Dr. Darrell Bock
Okay, thanks Ivan. Miguel?
Pastor Miguel Lopez
Thanks Dr. Bock. I’m so excited to be here today. I’m one of the pastors at the Heights Baptist Church, teaching pastor for the church and also responsible for our Hispanic ministry.
Dr. Darrell Bock
And that’s here? Is it in Dallas or in a suburb of Dallas?
Pastor Miguel Lopez
Yes it is in Richardson, suburb of Dallas.
Dr. Darrell Bock
Uh-huh
Pastor Miguel Lopez
Our ministry approach is an integrated ministry which basically means that we’re not a church inside of a church, we are a ministry that seeks to create a cultural bridge between the Hispanic community and the vibrant life of a local church. So everybody that’s part of this Hispanic ministry are members of the Heights and they get to participate in every ministry and also join the mission of the church.
Dr. Darrell Bock
Okay and Michael?
Dr. Michael A. Ortiz
Dr. Bock thank you again for having us at The Table podcast. It’s an honor to be here with you. My name is Michael Ortiz and I’m currently working at Dallas Theological Seminary. I have a faculty administrative role. My faculty role is working in the teaching in the World Missions in the Cultural Studies Department, but I’m also working as director of what now is DTS en Espanol, which I’m sure we’ll hear more about that, but in essence it’s part of a new department here at DTS intending to try to reach out to the Hispanic culture and we have programs and courses and other initiatives that will hopefully bridge that gap between theological education and the local Hispanic church.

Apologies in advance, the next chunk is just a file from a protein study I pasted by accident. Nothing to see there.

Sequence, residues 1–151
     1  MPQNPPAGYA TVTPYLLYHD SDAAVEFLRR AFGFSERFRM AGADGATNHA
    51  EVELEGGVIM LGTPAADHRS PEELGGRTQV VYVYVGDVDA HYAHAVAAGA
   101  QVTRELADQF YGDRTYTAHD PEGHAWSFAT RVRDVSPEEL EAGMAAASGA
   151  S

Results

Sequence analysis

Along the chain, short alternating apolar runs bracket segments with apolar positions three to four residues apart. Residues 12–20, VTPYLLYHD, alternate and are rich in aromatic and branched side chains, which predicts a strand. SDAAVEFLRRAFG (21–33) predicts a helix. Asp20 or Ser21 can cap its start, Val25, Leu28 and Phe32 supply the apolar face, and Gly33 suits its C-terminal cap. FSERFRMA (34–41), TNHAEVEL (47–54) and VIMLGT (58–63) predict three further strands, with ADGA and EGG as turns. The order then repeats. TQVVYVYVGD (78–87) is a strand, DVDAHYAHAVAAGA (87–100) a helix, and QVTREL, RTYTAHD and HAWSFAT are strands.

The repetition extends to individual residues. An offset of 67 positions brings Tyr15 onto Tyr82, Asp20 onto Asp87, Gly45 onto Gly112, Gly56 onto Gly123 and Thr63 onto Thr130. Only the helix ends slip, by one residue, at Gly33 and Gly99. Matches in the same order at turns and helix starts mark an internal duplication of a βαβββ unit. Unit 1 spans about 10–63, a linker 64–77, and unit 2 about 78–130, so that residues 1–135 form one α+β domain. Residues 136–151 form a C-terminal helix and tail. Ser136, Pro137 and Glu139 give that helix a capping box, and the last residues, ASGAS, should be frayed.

Dr. Darrell Bock
Okay. Now I’ve heard two terms that I kind of want to unpack before we even get started to show you how basic this conversation is and that is you hear the word “Hispanic” and it sounds like it’s all one thing, okay? Or you hear the word “Latino” and it sounds like it’s all one thing, okay? But I have someone from Argentina here, right?